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Queensland Government clarifies laws on American Pit Bulls

Media Release

Minister for Local Government and Aboriginal and Torres Strait Islander Partnerships

The Honourable Desley Boyle

31/07/2010

Confusion over American Staffies no longer: Minister

Local Government Minister Desley Boyle has today announced she will amend the Animal Management (Cats and Dogs) Act 2008 to clarify once and for all that American Staffordshire terriers are not classified as "restricted dogs".

This follows a Supreme Court case in April, Gold Coast City Council v. Chivers, which ruled the Amstaff involved was the same as a restricted American Pit bull.

Ms Boyle said pit bulls have been prohibited by many Queensland Councils under their local laws, listed as "restricted" under State legislation and banned from importation by the Commonwealth.

There are an estimated 4,000 Amstaffs in Queensland, some 230 on the Gold Coast.

"The amendment will state categorically that for the purposes of the Act, Amstaffs will not be considered the same as the restricted pit bulls," Ms Boyle said.

"This will give Amstaff owners especially on the Gold Coast certainty about their rights and obligations yet it will give Queens landers peace of mind that the legislation's tough penalties remain for irresponsible pet owners whose dogs cause fear or harm," she said.

"While it was never the State's intention for the Act to classify Amstaffs as restricted dogs, the recent court case has meant the amendment is now necessary."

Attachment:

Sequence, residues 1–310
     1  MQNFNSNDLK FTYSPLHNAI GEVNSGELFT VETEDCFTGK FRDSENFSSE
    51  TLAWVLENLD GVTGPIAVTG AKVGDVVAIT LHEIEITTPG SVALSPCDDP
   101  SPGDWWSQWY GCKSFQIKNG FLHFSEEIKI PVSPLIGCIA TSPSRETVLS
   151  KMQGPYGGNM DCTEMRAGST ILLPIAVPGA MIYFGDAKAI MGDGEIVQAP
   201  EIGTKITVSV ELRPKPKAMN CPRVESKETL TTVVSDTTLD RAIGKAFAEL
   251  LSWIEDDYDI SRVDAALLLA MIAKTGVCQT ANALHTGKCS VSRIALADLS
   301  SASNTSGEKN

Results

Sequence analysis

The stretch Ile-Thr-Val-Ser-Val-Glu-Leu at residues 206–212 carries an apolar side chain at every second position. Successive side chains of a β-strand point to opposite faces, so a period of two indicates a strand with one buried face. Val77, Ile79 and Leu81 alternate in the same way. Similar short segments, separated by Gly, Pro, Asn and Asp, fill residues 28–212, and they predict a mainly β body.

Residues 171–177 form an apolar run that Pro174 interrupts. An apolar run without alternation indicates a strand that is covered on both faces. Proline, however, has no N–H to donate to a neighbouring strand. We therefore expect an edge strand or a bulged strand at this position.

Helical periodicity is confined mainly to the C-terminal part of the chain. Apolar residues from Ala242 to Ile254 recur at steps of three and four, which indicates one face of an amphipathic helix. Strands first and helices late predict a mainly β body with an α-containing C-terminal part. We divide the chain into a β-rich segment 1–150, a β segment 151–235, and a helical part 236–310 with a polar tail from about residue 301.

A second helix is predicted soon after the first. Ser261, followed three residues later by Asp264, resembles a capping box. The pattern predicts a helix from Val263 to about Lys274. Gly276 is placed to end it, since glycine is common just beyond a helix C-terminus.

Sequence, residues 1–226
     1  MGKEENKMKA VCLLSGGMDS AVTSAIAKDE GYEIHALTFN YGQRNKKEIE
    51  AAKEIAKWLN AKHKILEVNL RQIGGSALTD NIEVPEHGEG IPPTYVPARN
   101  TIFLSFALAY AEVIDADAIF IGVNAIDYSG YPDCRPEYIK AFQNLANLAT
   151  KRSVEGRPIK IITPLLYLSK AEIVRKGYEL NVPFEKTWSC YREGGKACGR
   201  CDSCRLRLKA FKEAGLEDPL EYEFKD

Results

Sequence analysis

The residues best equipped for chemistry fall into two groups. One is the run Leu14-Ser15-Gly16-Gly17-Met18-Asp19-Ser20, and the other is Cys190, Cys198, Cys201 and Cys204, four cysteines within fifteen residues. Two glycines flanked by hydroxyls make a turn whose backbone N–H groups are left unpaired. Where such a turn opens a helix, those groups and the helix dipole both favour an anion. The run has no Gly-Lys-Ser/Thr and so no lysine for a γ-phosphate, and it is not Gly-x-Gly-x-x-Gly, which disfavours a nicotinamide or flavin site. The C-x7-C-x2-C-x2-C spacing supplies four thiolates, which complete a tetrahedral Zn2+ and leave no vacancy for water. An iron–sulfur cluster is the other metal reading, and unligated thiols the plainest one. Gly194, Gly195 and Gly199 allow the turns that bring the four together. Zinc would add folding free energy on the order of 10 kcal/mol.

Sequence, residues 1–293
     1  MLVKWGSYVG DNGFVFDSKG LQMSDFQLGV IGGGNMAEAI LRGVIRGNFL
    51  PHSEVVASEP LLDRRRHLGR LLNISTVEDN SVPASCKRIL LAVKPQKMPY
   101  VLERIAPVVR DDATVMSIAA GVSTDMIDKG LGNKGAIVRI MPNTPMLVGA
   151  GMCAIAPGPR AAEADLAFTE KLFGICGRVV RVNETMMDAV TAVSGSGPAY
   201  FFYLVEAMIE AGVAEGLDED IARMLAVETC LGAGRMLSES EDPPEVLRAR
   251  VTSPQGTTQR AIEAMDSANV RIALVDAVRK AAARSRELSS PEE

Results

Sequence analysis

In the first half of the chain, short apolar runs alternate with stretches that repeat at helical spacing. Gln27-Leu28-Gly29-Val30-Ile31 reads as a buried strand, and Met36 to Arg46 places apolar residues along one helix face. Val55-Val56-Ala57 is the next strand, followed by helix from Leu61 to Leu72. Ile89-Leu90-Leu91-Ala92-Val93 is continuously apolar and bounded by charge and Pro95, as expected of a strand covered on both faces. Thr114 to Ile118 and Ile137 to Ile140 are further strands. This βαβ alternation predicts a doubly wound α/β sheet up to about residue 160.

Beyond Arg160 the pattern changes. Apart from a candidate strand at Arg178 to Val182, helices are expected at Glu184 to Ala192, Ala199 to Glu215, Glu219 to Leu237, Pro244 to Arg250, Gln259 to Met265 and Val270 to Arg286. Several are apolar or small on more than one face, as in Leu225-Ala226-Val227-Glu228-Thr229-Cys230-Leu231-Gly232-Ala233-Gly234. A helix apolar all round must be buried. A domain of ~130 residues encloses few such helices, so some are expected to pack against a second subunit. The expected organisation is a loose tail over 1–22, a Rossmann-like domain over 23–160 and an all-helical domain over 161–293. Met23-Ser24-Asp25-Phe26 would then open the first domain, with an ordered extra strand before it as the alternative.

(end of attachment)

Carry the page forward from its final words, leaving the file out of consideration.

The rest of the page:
It is generally accepted among experts that Amstaffs and pit bulls descended from Staffordshire bull terrier-type dogs however the restricted pit bulls were bred specifically as fighting animals.

Amstaffs on the other hand were bred almost exclusively as show and companion dogs, widely recognised as trainable and family-friendly pets.

Amstaffs are even used as therapy dogs including in hospitals. Well-known Brisbane Amstaff Nudie, owned by Mrs Melissa Greenall, visits aged-care facilities, special care and children's wards.

"Importantly the proposed amendment to the legislation will not compromise community safety as owners of all dogs, including Amstaff owners, will be held accountable for the behaviour of their charges," said the Minister.

"The same rules apply to all dog owners and you will feel the full weight of the law if your dog behaves badly or causes harm."

If a dog bites someone, Ms Boyle said a fine of up to $30,000 can apply under the Act and the dog can be seized by Council and declared as dangerous.

"If a dog bails someone up on the street, a fine of $2,000 can apply and Council can declare the animal as menacing," she said.

"Special provisions apply to animals declared as dangerous or menacing, such as fencing, muzzling and kennel requirements.

"I take this opportunity to thank Dogs Queensland President Barry Vickers in particularly and his team who have worked with departmental officers in sorting out the confusions flowing from the recent court decision and this amendment will put the matter to rest.